Back to School with IWitness 2017: IWitness Student Leaders
In this series, we take a closer look at the new features and resources coming to IWitness in time for the 2017-2018 school year.
IWitness launched a new portal, Student Leaders, in June, dedicated to providing student leaders with testimony-based resources to help foster inclusivity and acceptance on college campuses.
Senior Director of Programs and Operations Kori Street gave a keynote presentation about fostering inclusivity and preventing hate on college campuses and announced a new program for student leaders at the National Campus Leadership Council (NCLC)’s Presidential Leadership Summit in Washington, D.C. on June 4.
NCLC launched in 2012 to better empower student body leaders at colleges around the country to develop the tools, networks, and skills necessary to confront exigent issues facing students today. Its annual Presidential Leadership Summit, now in its sixth year, is the largest convening of student body presidents in the country.
The summit includes sessions on policy issues, skills training, and networking opportunities for incoming and outgoing student body presidents and other student leaders in order to equip them with the tools and knowledge necessary to serve their campus communities.
USC Shoah Foundation was invited to give a presentation at this year’s summit by Rini Sampath, a 2016 graduate of USC, former USC student body president and currently NCLC’s policy director. Sampath collaborated with the Institute during her senior year at USC to inspire students to speak out against acts of hatred and racism on campus.
She said the Institute’s history of using the stories of witnesses of genocide to educate and inspire action against hatred and bigotry makes it an ideal organization to motivate student body presidents to address issues of inclusivity and hate on their own campuses, inspired by the testimonies of real-life survivors and other witnesses of hatred throughout history.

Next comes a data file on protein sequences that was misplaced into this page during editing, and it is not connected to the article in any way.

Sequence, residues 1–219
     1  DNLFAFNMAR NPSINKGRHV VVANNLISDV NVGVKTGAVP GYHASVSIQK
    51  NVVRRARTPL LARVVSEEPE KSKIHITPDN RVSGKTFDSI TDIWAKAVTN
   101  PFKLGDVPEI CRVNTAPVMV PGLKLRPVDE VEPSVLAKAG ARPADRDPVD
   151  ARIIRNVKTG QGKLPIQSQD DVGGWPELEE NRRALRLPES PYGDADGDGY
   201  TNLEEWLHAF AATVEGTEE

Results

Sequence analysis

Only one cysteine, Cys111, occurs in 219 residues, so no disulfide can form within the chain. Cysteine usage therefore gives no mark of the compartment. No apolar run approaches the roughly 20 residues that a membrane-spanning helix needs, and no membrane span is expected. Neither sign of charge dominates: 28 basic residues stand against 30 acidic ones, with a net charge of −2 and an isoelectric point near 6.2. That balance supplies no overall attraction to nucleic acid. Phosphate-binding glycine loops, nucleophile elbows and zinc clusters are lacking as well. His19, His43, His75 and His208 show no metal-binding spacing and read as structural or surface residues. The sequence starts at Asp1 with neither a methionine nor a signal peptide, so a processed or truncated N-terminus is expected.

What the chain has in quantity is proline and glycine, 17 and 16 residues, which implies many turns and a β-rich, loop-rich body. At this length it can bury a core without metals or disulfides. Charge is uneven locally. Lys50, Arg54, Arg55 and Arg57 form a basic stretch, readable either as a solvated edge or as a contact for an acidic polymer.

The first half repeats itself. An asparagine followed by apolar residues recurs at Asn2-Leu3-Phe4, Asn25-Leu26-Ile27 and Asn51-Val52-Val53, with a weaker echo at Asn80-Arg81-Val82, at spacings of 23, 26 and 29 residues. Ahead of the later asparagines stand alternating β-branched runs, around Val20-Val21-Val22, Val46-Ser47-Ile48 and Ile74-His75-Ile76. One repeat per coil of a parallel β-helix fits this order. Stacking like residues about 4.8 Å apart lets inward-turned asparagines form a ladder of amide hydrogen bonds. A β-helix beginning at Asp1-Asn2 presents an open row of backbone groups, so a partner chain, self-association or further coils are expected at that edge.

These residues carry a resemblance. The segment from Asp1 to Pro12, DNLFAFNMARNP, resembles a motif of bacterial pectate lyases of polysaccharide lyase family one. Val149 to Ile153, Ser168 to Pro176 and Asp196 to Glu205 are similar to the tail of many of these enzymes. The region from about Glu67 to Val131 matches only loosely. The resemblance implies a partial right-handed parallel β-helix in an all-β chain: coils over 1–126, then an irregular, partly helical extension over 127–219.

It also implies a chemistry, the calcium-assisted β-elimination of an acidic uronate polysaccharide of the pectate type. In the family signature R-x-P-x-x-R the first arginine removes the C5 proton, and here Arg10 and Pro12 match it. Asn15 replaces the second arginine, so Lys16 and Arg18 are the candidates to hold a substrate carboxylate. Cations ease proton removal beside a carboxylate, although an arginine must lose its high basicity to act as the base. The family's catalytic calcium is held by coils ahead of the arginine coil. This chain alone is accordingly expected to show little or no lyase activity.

The students at the summit are the next generation of leaders and therefore responsible for affecting change and progress, Sampath said.
“We are the ones to create a peaceful, loving society,” Sampath said. “The onus is on us.”
In her presentation, Street talked about the different forms of hate that can happen on campuses, from LGBTQ discrimination to antisemitism. She demonstrated a variety of resources in a toolkit on IWitness that will provide student leaders with testimony-based resources to support their efforts in creating inclusive campus communities.
One of those resources is a new IWitness activity, Reflections and Action on Campus Diversity, specifically designed for student leadership councils that addresses various forms of discrimination and prejudice, the role of the bystander, and how to take action on campus to create inclusive campus environments. All presidents are encouraged to complete the activity with their own councils.
Street also announced USC Shoah Foundation’s new program, the Intercollegiate Diversity Congress. The Intercollegiate Diversity Congress will convene student leaders from higher education campuses across the United States to support their efforts in building inclusive connected communities. USC Shoah Foundation will provide resources for the student leaders to convene groups of students, staff and faculty to explore clips of testimony on a range of topics and facilitate dialogue around campus climate issues.
Summit attendees, and all student leaders, are encouraged to complete the activity this fall and register to participate in an Intercollegiate Diversity Congress Summit at USC Shoah Foundation in Los Angeles in winter 2017/2018. More information about the program can be found at iwitness.usc.edu/studentleaders.
Sampath said it’s important for all student body presidents to be aware of issues of inclusivity on their campus, even if they don’t think it’s a problem at their school. In fact, many other issues presidents may want to address, such as student retention and mental health, may be connected to problems with discrimination, hate or a general sense among some students that they are not included or represented in campus life.
“It’s their duty to serve all students, even if they can’t relate to their struggles personally,” Sampath said. “It’s their responsibility to foster an enriching, safe student experience.”